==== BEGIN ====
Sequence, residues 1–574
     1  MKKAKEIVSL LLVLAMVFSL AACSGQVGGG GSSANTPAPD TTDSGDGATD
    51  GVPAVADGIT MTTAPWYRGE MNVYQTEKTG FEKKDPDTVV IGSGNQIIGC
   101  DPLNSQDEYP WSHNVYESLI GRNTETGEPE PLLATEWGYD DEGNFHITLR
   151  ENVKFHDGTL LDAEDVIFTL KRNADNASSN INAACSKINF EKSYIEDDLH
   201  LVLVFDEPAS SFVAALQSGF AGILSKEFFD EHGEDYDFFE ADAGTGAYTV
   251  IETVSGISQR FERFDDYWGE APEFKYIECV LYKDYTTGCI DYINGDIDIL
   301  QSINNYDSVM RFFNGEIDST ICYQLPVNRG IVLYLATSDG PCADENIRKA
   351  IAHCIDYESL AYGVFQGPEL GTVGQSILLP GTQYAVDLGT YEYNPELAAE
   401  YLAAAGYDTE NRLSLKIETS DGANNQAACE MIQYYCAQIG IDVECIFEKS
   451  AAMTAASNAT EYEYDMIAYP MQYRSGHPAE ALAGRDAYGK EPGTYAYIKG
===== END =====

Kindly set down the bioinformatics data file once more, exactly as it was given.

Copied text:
Sequence, residues 1–574
     1  MKKAKEIVSL LLVLAMVFSL AACSGQVGGG GSSANTPAPD TTDSGDGATD
    51  GVPAVADGIT MTTAPWYRGE MNVYQTEKTG FEKKDPDTVV IGSGNQIIGC
   101  DPLNSQDEYP WSHNVYESLI GRNTETGEPE PLLATEWGYD DEGNFHITLR
   151  ENVKFHDGTL LDAEDVIFTL KRNADNASSN INAACSKINF EKSYIEDDLH
   201  LVLVFDEPAS SFVAALQSGF AGILSKEFFD EHGEDYDFFE ADAGTGAYTV
   251  IETVSGISQR FERFDDYWGE APEFKYIECV LYKDYTTGCI DYINGDIDIL
   301  QSINNYDSVM RFFNGEIDST ICYQLPVNRG IVLYLATSDG PCADENIRKA
   351  IAHCIDYESL AYGVFQGPEL GTVGQSILLP GTQYAVDLGT YEYNPELAAE
   401  YLAAAGYDTE NRLSLKIETS DGANNQAACE MIQYYCAQIG IDVECIFEKS
   451  AAMTAASNAT EYEYDMIAYP MQYRSGHPAE ALAGRDAYGK EPGTYAYIKG